What is the mission of the church and how does the Word of God relate to that mission? This is an important set of questions for the missional church. A dominant theme in the modern, American church has been one of strategic action. The scripture, according to this framework, is the guide/law book that provides a constitution-like set of principles for how to live life, and demonstrates the plan of salvation (the Gospel) through Jesus. The church is called to take the Gospel to the world by adopting marketing strategies and adopting culturally relevant modes of worship. The leadership style required for this mission is one of courageous vision and strategic action.
I would like to propose that scripture itself offers a different model for the nature and calling of the church. This can be seen in, but not limited to, two examples that can serve as biblical models for our mission today.
Moses did not have the written word of God. Moses encountered the Word of God from within the burning bush. God sent Moses to be a prophetic presence before Pharaoh and simply declare, “Let my people go!” This was a declaration of freedom, not a strategic plan of action. Moses waited, listened for God’s voice, then acted as directed, not knowing where it would end up. Eventually the Red Sea parted and the people walked into freedom. Then God led the people with a pillar of cloud by day and a pillar of fire by night. God did not reveal the plan to Moses, rather God invited Moses and the people to follow.
The key element that propelled the people was the promise that God had made to Abraham centuries before. God had committed to being faithful to this promise and invited the people to follow and trust. Moses’ leadership was one of expectant listening, discerning, facilitating the needs of the people, and being ready to move whenever the cloud lifted.
The apostle Paul did have the Scriptures—The Law and the Prophets. Yet, he encountered the Word of God in the person of the risen Christ on the road to Damascus. This encounter began a two-fold process of Paul’s interaction with the Word. On one hand, he was challenged to reframe the written word as the Holy Spirit was recontextualizing the Law of Moses and expanding the boundaries of God’s people to include the uncircumcised Jew. On the other hand, Paul encountered the word of God in the direct leading of the Holy Spirit to do and say things that contradicted his received understanding of the written word of God and most-likely contradicted his own plan. This is best exemplified in Acts 16:6-10 when Paul planned to travel to Ephesus but was kept from going there by the Holy Spirit. He traveled, instead, to Troas where he received a vision in a dream to expand his boundaries and go to Macedonia.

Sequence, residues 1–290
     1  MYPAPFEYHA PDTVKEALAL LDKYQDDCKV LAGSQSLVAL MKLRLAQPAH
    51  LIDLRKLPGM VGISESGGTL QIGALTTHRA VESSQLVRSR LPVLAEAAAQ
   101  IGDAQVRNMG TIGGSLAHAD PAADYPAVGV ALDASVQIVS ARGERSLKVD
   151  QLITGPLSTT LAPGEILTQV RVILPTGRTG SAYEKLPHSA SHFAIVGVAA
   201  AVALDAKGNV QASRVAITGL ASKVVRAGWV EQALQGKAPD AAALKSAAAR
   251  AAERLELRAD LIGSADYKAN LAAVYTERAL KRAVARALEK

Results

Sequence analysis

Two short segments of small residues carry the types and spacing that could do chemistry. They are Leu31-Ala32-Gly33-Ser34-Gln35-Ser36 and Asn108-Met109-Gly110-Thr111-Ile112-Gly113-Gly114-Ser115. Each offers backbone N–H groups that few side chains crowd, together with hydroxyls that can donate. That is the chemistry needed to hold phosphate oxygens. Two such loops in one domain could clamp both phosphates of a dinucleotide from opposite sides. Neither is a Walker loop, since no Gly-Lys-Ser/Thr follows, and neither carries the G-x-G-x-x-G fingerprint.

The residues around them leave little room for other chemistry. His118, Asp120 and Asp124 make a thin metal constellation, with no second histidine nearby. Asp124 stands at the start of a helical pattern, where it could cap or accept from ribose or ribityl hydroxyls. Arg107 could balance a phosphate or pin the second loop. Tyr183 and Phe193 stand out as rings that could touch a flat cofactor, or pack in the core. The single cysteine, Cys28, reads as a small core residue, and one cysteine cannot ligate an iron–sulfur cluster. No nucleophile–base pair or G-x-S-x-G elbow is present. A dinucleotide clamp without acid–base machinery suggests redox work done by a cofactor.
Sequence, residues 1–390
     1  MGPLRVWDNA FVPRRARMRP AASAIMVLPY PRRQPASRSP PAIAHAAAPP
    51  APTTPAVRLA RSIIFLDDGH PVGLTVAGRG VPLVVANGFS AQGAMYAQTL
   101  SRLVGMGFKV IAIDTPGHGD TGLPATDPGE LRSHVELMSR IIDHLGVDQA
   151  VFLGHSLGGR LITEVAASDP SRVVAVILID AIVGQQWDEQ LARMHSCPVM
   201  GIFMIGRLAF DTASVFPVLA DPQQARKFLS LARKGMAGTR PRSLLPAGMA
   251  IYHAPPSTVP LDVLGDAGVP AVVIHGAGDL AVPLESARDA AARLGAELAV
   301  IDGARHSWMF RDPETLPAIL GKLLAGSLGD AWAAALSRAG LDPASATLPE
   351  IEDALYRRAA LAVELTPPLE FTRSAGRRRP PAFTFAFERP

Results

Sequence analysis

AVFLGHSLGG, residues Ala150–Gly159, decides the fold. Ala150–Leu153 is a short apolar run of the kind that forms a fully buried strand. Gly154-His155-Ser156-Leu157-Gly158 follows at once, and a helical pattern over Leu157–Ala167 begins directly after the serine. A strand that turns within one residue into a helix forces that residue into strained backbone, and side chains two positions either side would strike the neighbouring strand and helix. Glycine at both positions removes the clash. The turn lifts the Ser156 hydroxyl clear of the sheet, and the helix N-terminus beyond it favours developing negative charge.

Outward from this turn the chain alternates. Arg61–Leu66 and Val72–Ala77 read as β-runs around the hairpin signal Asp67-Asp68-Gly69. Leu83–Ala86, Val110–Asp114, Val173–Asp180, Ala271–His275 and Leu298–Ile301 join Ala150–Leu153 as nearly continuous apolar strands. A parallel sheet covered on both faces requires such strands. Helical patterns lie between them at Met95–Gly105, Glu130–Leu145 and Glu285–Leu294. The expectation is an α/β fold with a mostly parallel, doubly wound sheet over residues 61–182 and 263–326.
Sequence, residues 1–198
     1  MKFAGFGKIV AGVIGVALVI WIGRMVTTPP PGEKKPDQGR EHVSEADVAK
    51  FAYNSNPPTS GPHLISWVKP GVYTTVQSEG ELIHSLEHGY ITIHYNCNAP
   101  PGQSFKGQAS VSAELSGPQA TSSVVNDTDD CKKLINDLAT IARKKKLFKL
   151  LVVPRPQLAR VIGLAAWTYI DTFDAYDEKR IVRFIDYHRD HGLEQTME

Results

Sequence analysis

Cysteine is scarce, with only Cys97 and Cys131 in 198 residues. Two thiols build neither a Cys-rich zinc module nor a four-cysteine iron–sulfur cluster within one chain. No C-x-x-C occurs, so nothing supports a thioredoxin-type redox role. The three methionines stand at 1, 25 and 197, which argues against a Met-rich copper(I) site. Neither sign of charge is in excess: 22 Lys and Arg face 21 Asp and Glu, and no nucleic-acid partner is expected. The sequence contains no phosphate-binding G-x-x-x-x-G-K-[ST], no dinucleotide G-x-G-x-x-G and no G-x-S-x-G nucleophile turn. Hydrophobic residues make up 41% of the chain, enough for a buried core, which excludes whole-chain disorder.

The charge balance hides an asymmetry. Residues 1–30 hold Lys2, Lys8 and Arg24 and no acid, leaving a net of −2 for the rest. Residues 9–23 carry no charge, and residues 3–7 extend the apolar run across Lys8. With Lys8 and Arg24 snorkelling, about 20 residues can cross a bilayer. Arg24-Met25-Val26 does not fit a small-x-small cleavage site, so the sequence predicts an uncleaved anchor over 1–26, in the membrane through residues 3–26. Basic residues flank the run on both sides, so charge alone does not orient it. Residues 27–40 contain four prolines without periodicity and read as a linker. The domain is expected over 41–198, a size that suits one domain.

Paul was constantly wrestling with the Holy Spirit. He prayed that the thorn would be removed from his side. He was relentlessly pursued by his enemies and often beaten and left for dead. He struggled with his own pride, as demonstrated in his schism with Barnabas. Yet, I believe, this brokenness was necessary for Paul to be able to listen to the Word of God as Paul was invited to listen, discern, facilitate the needs of the people around him, and be ready to move when the Spirit prompted.
 It is important to note that this strategic model is the dominant mode of American thinking and the opposite of the model proposed in the missional church conversation. Here I am offering a critique of the strategic action and proposing a listening-following model instead.
 David Lose, during a dinner conversation, proposed a compelling thought about Jesus’ use of scripture in his teaching. First of all, Jesus rarely preached from scripture. Secondly, when Jesus did refer to scripture, he almost always challenged it and reframed it. “You have heard that it was said…but I say to you…” David Lose in a group discussion with the author, July 2014.